No ‘crossfire’ deaths since US sanctions
No "gunfight" took place in the country between law enforcers and criminals since December 10 last when the United States imposed human rights-related sanctions on the Rapid Action Battalion and seven of its top officials.
Before December 10, killing of people in "shootouts" had become a regular occurrence, data of human rights organisation and media reports show.
Hours before the imposition of the sanction, a suspected "robber" was killed in a "gunfight" between Rab and "a gang of robbers" in Barguna's Patharghata upazila. Just four days before, two more suspected "robbers" were killed in another such "shootout" with the elite force in Bhola.
Three accused in the Cumilla ward councillor murder case, were killed in two "gunfights" between police and criminals early on November 30 and December 2 last year.
Human rights defenders say the pause in such killings shows that continuing killing in the name of "gunfight" or stopping it solely depends on law enforcers.
The government and law enforcers often claimed that such killings took place after criminals opened fire first. But in reality, the law enforcers "staged" such incidents, they said.
Similar break in "gunfights" was seen after the killing of Major (retd) Sinha Mohammad Rashed Khan in Cox's Bazar on July 31, 2020. Except one in Sylhet on August 2 that year, not a single "shootout" was reported in the country for over five months afterwards.
However, 184 people were killed in "shootouts" in the first seven months in 2020, according to the tally of Ain o Salish Kendra (ASK).
Following the killing of Sinha, the Inter-Services Public Relations (ISPR) in a statement on August 6, 2020 said the then army chief and the inspector general of police gave necessary instructions to their respective forces so that no "such incident" occurs again in future.
Last year, 51 people were killed in "gunfights" between law enforcers and criminals, shows ASK data.
Speaking to The Daily Star on Sunday, noted rights activist Nur Khan said these are extrajudicial killings. Incidents of "shootout" or "gunfight" didn't occur at all as claimed by law enforcers, he added.
"If 'shootout' existed at all, it would have continued even after the imposition of US sanctions or after the killing of Major Sinha. After the sanctions, we saw one was tortured to death in Rab custody. It's quite evident that if the government wishes, it can either stop or continue extrajudicial killings."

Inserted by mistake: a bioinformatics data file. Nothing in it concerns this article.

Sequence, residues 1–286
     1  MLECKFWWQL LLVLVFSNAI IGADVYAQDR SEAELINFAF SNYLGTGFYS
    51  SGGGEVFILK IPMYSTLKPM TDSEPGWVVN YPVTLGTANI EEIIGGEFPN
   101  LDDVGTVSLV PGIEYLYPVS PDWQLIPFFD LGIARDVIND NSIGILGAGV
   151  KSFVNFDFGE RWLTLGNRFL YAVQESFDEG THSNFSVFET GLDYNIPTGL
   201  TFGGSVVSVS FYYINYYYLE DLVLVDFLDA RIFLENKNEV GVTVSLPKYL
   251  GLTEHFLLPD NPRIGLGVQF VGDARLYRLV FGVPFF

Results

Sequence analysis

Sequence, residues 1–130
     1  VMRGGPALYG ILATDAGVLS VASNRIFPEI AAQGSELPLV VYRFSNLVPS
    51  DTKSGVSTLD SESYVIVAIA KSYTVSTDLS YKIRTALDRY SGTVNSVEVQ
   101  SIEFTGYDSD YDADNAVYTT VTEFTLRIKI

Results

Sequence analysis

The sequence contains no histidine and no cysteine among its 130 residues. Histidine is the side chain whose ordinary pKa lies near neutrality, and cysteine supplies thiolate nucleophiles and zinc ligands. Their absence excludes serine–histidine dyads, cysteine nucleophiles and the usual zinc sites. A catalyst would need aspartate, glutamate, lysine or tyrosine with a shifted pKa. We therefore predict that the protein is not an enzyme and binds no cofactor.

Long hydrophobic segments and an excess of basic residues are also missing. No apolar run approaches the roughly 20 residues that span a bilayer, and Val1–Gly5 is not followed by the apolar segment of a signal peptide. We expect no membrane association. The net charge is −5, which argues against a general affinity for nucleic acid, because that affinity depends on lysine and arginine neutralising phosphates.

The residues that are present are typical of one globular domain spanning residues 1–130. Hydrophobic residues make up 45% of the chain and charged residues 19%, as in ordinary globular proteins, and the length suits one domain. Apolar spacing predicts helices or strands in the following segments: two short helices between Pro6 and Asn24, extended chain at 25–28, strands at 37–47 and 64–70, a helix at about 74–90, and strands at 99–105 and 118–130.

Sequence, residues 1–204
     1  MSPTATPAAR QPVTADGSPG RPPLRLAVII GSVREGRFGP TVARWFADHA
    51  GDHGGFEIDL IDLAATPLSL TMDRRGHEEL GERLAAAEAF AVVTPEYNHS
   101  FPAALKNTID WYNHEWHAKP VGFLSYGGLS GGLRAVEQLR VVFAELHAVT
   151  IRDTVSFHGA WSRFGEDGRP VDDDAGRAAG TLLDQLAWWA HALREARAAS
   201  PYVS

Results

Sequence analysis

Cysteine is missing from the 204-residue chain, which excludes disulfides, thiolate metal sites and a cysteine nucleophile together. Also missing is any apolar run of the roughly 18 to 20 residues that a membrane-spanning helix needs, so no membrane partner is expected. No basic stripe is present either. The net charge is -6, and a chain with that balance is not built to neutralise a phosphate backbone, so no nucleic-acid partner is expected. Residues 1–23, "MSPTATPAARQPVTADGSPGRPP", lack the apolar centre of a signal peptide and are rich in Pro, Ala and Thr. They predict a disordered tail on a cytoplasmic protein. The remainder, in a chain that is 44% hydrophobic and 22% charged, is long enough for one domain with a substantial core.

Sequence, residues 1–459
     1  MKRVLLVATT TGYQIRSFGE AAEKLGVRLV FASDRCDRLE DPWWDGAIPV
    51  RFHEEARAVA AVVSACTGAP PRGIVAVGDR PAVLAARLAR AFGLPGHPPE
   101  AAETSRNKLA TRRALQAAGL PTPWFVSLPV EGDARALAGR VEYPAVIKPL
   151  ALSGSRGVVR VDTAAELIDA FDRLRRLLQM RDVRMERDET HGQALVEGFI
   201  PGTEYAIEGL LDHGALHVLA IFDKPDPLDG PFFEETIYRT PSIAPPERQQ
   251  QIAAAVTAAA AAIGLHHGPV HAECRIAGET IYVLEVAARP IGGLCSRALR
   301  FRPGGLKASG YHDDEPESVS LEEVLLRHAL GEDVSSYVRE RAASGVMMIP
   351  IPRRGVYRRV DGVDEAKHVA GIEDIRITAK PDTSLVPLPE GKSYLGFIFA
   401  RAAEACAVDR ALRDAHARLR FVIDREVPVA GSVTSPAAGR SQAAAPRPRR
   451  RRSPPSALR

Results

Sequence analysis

Such extrajudicial killings increase, decrease or stop in special situations or times, the rights activist said, adding that the number of arrests grows during or before elections and the number of enforced disappearance goes up during political movements.
"When a special situation arises or when people get angry, such shootouts stop. That's why it seems that extrajudicial killings can be a strategy of the rulers to create an atmosphere of fear so that people can't protest any offences or wrongdoings," said Nur Khan.
Human rights bodies say extrajudicial killings had begun in early 2002 in the name of "Operation Clean Heart". There had been a spate of "gunfights" between law enforcers and criminals since 2004.
According to rights organisation Odhikar, at least 3,135 people were killed in "gunfights" between law enforcement and security agencies and criminals from January 2001 to September last year.
The number of people killed in "gunfights" increased in 2018 compared to the previous two years after a countrywide anti-narcotics drive began.
The Awami League in its 2008 election manifesto stated that "extrajudicial killings" will be stopped if it is voted to power.
After the party came to power, the then government in February 2009 informed the UN Human Rights Commission that Bangladesh adopted a "zero tolerance" policy for extrajudicial killings, torture, and deaths in custody. But "gunfights" took place throughout that year, except in March.
Asked about the pause in "shootout", Rab Director (legal and media wing) Commander Khandaker Al Moin yesterday said occurrence of "gunfights" does not depend on any special situation or time; rather it depends on the circumstances of a drive when criminals open fire first.
"The constitution and law of Bangladesh have permitted us to open fire in self-defence. It's not a matter of human rights. We might have not come under attack in the last one month. This proves that it's not a routine issue that gunfights would take place five-seven times every day. We only open fire when we come under attack," he claimed.
The USA on December 10 imposed human rights-related sanctions on Rab and seven current and former top officials of the agency, including Benazir Ahmed, now inspector general of police.
The State Department in a separate release said they barred two Rab officials including Benazir, former director general of Rab, from entering the US for their involvement in a gross violation of human rights, namely the May 2018 extrajudicial killing of a Teknaf municipal councillor.
The killing of Teknaf Ward councillor Ekramul Haque on May 26, 2018 caused a huge outcry in the country after a phone call during the "gunfight" was leaked.